Ah, treachery among vampires. How very quaint. Such is the case in Bloodbound, a Pathfinder Tales novel authored by F. Wesley Schneider. One of the main characters, Larsa, bears the burden of being the child of a vampire that betrayed his clan. Raised by a grandfather who filled her head with unpleasant stories of what a horrible, worthless person her father was, Larsa grew to hate him yet at the same time wonder about the father she never knew. The thing I notice about vampire stories is that, on many occasions, the authors elect to have their own rules about vampires. Oh, sure, there's the antiquated yet indestructible rule about how the sun will turn vampires into ash, but I have noticed authors changing things here or there, like what keeps s vampire away or what can kill a vampire. In this novel's case, the author touched on yet another common part of a vampire story: the question of whether or not a vampire can father children.
Larsa is a tough assassin, half-human and half-vampire. But she’s no Blade; she can pretty much manage her bloodthirst without the need for any kind of serum injection. She’s also smart, strong, independent and witty. She was definitely one of my favorite characters. I laughed when she threatened someone with, "And if I hear you say 'miss' again, I'll throw you over those cliffs." Though despite my liking Larsa, I had to question why she thought she could trust Rivascis the second time she goes to see him. Why does she think she could trust him? Just because he's her father? She shouldn't trust him! She shouldn't trust anyone! And yet she let herself walk right into a trap. I guess she must've thought that after having that little pow-wow with him, in which she DID NOT kill him, they were all of a sudden BFFs.
As to Larsa's brother Considine: I did like this character too. And he did not disappoint. In fact, I loved this character. He was definitely my favorite. It was crazy that people kept trying to kill him. I had a good laugh when, after being stabbed by his father, he bemoans, “I’m starting to think I’m not the favorite child.”
Jadain, another character who plays a major role in the story and who is the second POV-character this story is told through, was another character I liked but I also felt a sort of kinship for her. I know too well the struggle of trying to be “perfect” in a religion while coping with the struggles of being human. But that particular failing is what I liked about her. She took pity on what her religious order considered to be “monsters” and she was not afraid to consort with the undead, no matter how much she ended up being damned by her order because of it. There was also a funny Jadain moment in the story: “Was I trying to comfort a vampire? I’d pray for forgiveness later.”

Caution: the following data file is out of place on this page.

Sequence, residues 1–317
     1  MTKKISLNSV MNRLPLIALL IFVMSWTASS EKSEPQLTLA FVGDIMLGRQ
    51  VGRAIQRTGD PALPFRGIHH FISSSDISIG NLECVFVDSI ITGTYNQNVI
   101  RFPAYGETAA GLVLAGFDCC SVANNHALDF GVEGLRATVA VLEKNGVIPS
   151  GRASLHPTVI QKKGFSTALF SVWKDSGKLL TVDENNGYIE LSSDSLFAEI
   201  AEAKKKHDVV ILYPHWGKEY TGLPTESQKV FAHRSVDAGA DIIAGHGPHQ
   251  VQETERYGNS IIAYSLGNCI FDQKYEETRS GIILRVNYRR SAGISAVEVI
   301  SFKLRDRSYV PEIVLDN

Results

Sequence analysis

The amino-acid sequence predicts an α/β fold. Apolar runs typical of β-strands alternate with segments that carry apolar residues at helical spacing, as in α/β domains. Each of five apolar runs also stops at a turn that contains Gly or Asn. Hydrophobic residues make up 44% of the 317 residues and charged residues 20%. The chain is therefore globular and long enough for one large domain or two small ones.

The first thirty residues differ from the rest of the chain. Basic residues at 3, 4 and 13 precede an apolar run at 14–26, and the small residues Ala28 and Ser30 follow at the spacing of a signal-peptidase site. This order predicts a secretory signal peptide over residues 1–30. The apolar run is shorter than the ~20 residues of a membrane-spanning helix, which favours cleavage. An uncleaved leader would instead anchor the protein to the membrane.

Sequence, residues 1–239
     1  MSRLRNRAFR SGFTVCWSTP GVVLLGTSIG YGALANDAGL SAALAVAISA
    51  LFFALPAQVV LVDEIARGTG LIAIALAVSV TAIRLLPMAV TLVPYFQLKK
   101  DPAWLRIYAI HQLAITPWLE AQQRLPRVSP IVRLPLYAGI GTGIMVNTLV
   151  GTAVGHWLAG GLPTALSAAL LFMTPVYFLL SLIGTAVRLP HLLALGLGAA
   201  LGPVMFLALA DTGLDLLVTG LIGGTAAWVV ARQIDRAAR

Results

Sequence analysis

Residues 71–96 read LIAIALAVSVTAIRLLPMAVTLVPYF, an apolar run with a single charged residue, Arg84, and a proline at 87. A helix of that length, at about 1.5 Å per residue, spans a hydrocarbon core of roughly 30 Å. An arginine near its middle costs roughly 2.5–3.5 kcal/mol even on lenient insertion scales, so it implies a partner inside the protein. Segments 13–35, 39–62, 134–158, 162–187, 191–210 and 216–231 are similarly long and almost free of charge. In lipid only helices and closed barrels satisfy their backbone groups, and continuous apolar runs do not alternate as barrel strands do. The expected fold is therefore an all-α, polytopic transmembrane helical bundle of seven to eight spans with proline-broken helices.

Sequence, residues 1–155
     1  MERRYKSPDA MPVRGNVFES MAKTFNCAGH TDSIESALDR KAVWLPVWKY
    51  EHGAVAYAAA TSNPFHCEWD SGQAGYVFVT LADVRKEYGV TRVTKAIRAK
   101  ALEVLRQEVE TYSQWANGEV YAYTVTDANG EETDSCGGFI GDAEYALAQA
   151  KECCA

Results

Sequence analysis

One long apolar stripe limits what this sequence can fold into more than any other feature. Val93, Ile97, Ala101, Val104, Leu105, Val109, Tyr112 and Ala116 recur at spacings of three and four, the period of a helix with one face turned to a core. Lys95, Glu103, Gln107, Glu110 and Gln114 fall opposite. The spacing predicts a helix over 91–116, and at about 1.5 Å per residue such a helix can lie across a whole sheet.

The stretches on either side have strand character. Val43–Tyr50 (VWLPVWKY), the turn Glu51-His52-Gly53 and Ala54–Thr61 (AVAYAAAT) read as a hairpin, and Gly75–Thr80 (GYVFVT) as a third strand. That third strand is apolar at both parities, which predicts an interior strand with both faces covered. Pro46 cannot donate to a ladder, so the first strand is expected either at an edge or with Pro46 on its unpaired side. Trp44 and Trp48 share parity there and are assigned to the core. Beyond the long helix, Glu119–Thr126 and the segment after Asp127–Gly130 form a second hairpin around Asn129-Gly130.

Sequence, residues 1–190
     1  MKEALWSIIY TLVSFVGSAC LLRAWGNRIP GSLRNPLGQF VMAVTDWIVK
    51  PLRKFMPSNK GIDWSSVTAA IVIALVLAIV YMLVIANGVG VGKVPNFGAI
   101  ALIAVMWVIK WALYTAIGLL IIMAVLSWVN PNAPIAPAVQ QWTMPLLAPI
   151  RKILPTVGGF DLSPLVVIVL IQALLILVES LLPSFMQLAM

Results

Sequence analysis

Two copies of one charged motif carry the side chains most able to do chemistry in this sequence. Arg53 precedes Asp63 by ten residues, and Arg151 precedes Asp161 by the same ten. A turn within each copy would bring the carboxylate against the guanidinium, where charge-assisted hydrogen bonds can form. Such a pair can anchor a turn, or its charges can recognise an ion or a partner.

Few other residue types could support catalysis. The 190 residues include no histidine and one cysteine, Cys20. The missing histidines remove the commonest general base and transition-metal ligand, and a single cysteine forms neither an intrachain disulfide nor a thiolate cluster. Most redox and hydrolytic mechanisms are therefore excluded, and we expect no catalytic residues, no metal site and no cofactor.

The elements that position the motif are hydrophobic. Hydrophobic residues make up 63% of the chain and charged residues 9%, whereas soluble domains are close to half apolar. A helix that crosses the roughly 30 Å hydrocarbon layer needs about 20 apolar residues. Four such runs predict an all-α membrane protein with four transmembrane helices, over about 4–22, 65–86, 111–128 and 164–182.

The character Rivascis is mysterious but I didn't like him much. The dude is arrogant. Full of himself. He actually liked believing that Ailson Kindler was obsessed with him. Ah, the lies and delusions we like to tell ourselves. I'm glad that, at least, Larsa is smart enough to see through his delusion. Although Rivascis is Larsa’s father, there were no sappy moments shared between them and Larsa pretty much closed the book on the years lost with her father a long time ago. Rivascis, at least, acknowledges as much.
The ending had me gripping the book, holding my breath. It was intense. It was awesome. And it was perfect.
I enjoyed reading this novel. It made me fall in love with vampire fiction all over again. I am not familiar with the Pathfinder tales, but I discovered that, in order to enjoy this novel, I didn’t need to be. It’s a story that can stand on its own in its own way and with its own secrets for the reader to discover.
Larsa is a dhampir-half vampire, half human. In the gritty streets and haunted moors of gothic Ustalav, she's an agent for the royal spymaster, keeping peace between the capital's secret vampire population and its huddled human masses. Yet when a noblewoman's entire house is massacred by vampiric invaders, Larsa is drawn into a deadly game of cat-and-mouse that will reveal far more about her own heritage than she ever wanted to know.
From Pathfinder co-creator and noted game designer F. Wesley Schneider comes Bloodbound, a dark fantasy adventure of murder, intrigue, and secrets best left buried, set in the award-winning world of the Pathfinder Role Playing Game.